Rotating Linux Log Files - Part 2: logrotate

logrotate is the default application used to rotate all other log files not handled by syslog itself (details on rotating system log files can be found in part 1 of the article). It allows automatic rotation, compression, removal, and mailing of log files. Each log file may be handled daily, weekly, monthly, or when it grows too large.

Normally, logrotate is run as a daily cron job. Let’s look into the script that was installed in /etc/cron.daily for this:

cat /etc/cron.daily/logrotate

test -x /usr/sbin/logrotate || exit 0
/usr/sbin/logrotate /etc/logrotate.conf

Logrotate will look into /etc/logrotate.conf for its configuration directives.

cat /etc/logrotate.conf
# see "man logrotate" for details
# rotate log files weekly

# keep 4 weeks worth of backlogs
rotate 4

# create new (empty) log files after rotating old ones

# uncomment this if you want your log files compressed

# packages drop log rotation information into this directory
include /etc/logrotate.d

# no packages own wtmp, or btmp -- we'll rotate them here
/var/log/wtmp {
create 0664 root utmp
rotate 1

/var/log/btmp {
create 0664 root utmp
rotate 1

# system-specific logs may be configured here

So we can see it defines some default parameters (weekly, rotate 4, create, compress) and includes all the files from /etc/logrotate.d/. Also it defines the rotation for some files that are not handled by syslog itself, like wtmp. For example, I would want to keep more than one month of old wtmp logs, then I would have to change the parameter rotate 1.

Inside the /etc/logrotate.d/ various packages will install their own configuration file that will ensure their logs are properly rotate (on my fresh Debian install I have the following files: acpid apache2 aptitude base-config dpkg exim4-base). As long as you don’t change the paths to those logs the rotation will work out of the box. But in case you change them you might want to look inside this folder and make the proper adjustments to the log file definitions, to assure they will be rotated. For example, let’s look at the apache rotation file created here by the apache2 package:

cat /etc/logrotate.d/apache2
/var/log/apache2/*.log {
rotate 52
create 640 root adm
if [ -f /var/run/ ]; then
/etc/init.d/apache2 restart > /dev/null

We can see that by default it will rotate apache logs found in /var/log/apache2/ that have the extension .log, on a weekly basis and keep 52 archives (about 1 year) of the old data. Once the rotation is completed it will restart the apache daemon. You can check logrotate manual page for all the available parameters, as they are self-explanatory. Now, if I would like to keep my own apache log files in a different location (/var/weblogs for example) and rotate them monthly then I will need to make the following changes:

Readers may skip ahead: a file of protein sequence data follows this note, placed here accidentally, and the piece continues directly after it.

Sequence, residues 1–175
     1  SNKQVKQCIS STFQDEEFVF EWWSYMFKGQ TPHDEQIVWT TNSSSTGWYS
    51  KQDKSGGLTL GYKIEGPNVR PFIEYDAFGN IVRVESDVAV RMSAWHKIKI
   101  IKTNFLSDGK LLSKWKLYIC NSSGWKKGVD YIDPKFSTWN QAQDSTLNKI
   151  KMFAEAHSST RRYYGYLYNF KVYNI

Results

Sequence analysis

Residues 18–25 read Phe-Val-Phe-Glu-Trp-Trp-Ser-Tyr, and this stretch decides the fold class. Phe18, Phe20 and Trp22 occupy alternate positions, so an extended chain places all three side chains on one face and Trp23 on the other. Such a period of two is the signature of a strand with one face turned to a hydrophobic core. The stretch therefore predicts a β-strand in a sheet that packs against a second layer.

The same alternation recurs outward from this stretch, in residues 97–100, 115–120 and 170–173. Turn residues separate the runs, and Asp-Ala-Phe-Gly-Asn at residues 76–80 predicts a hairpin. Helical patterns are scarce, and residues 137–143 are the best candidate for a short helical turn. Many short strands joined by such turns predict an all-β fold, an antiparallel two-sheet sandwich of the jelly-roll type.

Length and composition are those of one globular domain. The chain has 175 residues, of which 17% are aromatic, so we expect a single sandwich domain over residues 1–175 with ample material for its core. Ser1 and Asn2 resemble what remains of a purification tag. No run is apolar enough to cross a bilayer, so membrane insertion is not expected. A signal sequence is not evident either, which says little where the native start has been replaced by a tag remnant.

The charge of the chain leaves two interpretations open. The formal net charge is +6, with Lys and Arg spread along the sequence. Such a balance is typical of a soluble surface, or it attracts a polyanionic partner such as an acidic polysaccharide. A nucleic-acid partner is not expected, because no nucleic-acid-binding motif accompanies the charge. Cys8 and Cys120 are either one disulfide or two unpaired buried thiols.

/var/weblogs/*.log {

Probably, I will also want to change the default hour when the daily cron is running to have it on midnight. Anyway this is just an example and you will most certainly configure this based on your needs.

Even though I didn’t intended with this article to describe what each configuration parameter of logrotate means (as you can easily find out yourself), but to show what is the logic and its functionality, I would like to add that while configuring and testing this you might find very useful the debug option:

logrotate -d file

This will show you what it will do, without actually rotating anything, and this is most valuable while testing complex setups that you don’t want to ‘play’ with the logs to see if your configuration will work as you want it.

Also logrotate -f file will force the rotation even if that would have normally not occurred (logrotate will only assume it need to run and rotate logs once per day).

Note: as mentioned also in part 1, RedHat based systems (RHEL, Centos, Fedora, etc.) will also rotate by default the ‘system logs’ using **logrotate **and not syslog’s internal method as Debian systems. This is handled by default with the logrotate configuration file:

cat /etc/logrotate.d/syslog
/var/log/messages /var/log/secure /var/log/maillog /var/log/spooler /var/log/boot.log /var/log/cron {
/bin/kill -HUP

cat /var/run/ 2> /dev/null
 2> /dev/null || true

The sharedscripts parameter means that the postrotate script will only be run once (after the old logs have been compressed), not once for each log which is rotated. So nothing special defined here, besides the log files that will be rotated, and it will use the defaults from /etc/logrotate.conf.

Go to:
Rotating Linux Log Files - Introduction
Rotating Linux Log Files - Part 1: syslog

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